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Emotional Issues with CF > Depression in Children and Adolescents with a Chronic Disease

Depression in Children and Adolescents with a Chronic Disease

by Jean-Marie Bruzzese, Ph.D.


Children and adolescents who have a chronic disease may also be depressed, and it is not difficult to understand why. When children have a chronic disease their lives can be turned upside down. For example, they may not be able to run around and do what they used to do. Family members may have to help take care of them in ways that are new. Or they may feel different from their friends. These changes in their lives may lead to feelings of depression.

What is a chronic disease?

As its name implies, a chronic disease is an illness that lasts for a long period of time, is characterized by symptoms that come and go, and often progresses slowly. This means that treatments for chronic diseases are long-term, sometimes lasting months or years. Even with treatment, the outcome of a chronic illness is often uncertain.
Following are some chronic diseases that affect some children and adolescents:

  • Asthma
  • Cancer
  • Cystic fibrosis
  • Diabetes
  • Emphysema
  • Epilepsy
  • Heart disease
  • Inflammatory bowel disease
  • Juvenile arthritis

Most children and adolescents with chronic diseases have symptoms that can be acute, which means they start suddenly and last a short period of time. Some youth with chronic diseases may go into remission, or not have symptoms for some time.

How is a child's life affected by a chronic disease?

Different chronic diseases affect children differently. However, chronic diseases typically affect children's lives in negative ways. If a child has a chronic disease, some problems might include:

  • Discomfort or loss of energy
  • Restriction of activities
  • Disruption of his life due to medical treatment
  • Isolation from family and friends
  • Feeling self-conscious, embarrassed, or stigmatized if his disease makes him different from other people

It is easy to understand why depression often goes hand in hand with a chronic disease. While only 1% to 3% of teenagers in the general population are diagnosed with depression, adolescents with a chronic disease have a much higher rate of depression. For example, depression is found in 15% of teenagers with asthma and more than 25% of children and teenagers with inflammatory bowel disease.

Why are children with chronic disease at risk for depression?

There are many reasons why a child with a chronic disease may be at risk for depression. Some of these reasons are:

  • The symptoms of the chronic disease.The symptoms that are caused by the chronic disease may be stressors that lead to depression. For example, if a child has pain or nausea because of the illness, these symptoms may limit his activities, which may be upsetting. Or, if the symptoms of the chronic disease are visible and obvious to other people, they may treat her differently, making her feel embarrassed and inadequate.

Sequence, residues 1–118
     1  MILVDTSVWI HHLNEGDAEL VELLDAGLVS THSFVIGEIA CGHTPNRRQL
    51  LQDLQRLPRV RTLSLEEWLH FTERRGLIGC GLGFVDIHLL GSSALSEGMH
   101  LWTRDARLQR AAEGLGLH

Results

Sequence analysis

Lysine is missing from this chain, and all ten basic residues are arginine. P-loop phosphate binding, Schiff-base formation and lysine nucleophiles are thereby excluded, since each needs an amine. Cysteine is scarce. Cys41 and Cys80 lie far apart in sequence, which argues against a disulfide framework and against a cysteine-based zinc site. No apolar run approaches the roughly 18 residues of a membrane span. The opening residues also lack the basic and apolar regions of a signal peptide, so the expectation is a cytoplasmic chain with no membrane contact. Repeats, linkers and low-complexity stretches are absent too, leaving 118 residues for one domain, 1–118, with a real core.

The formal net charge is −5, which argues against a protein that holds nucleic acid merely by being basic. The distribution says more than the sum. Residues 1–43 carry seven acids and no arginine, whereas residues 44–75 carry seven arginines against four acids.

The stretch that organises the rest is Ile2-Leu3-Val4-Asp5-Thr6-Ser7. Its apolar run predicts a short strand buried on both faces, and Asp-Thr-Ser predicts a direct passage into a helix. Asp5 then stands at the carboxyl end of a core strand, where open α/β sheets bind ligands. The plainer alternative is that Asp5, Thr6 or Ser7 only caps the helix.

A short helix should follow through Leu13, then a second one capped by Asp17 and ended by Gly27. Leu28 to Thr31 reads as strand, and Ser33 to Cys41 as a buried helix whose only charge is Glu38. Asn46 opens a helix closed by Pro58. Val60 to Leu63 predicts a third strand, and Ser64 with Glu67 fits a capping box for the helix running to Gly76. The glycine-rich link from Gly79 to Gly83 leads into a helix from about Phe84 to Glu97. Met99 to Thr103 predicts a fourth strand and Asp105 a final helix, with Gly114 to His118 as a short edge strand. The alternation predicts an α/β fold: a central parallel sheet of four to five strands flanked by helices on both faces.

• Treatments for chronic disease. How a child's chronic disease is treated medically may lead to depression in two ways:
    • 1. The medications for the chronic disease may cause depression. For example, depression is a side effect of high doses of prednisone, a drug used to treat severe asthma, arthritis, and inflammatory bowel disease. Depression can also be caused by phenobarbital, a medication used to treat children with epilepsy. However, carbamazepam, another medication used to treat epilepsy, causes depression less frequently than phenobarbital.
    • 2. The treatment regimen may be difficult to follow. A child or adolescent may have to change his lifestyle or need help to follow his treatment regimen. The lifestyle changes may mean he can no longer do certain activities that were pleasurable, and this may make him feel unhappy. Similarly, relying on other people to help him with her treatment (for example, reminding him to take him medication) may make him feel like he cannot do things for himself and lower his self-esteem.
  • The sporadic nature of the chronic disease.Most chronic diseases have symptoms that come and go. Sometimes the child may not be able to predict when she will have a flare-up of symptoms, and the uncertainty can be very upsetting. She may feel helpless and out of control, which may result in depression.
  • Loss of social contact with people.A child's chronic disease may cause him to lose contact with people for two reasons:
    • 1. He may have less energy or less time to do things he finds pleasurable.
    • 2. Healthy friends may assume that he cannot act like them so they spend less time with him.

Regardless of the reason, loss of social contact may be upsetting to the child and lead to depression.

  • The chronic disease may be stressful to your family.A chronic disease affects not just the child but the whole family. Family members may have to take on new roles, or they may be disappointed that she can no longer participate in activities that they all used to enjoy together. The resultant stress may give rise to conflict in the family, which in turn may lead to depression in the child.
  • Chemicals in the brain. Chemicals in the brain that cause some of the symptoms of chronic disease also cause depression. For example, pain from a child's chronic disease may be related to too little serotonin, a chemical in his brain. When he doesn't have enough serotonin, he may also be depressed.
  • Family members with depression.There is a genetic link to depression. If a first-degree relative (for example, mother, father, brother, or sister) has problems with depression, the child may have an increased risk for depression.

Why is depression a problem for children with a chronic disease?

Depression is harmful whether or not a child has a chronic disease. Depression prevents her from enjoying life, hurts her relationships with family and friends and may also prevent her from working hard at school.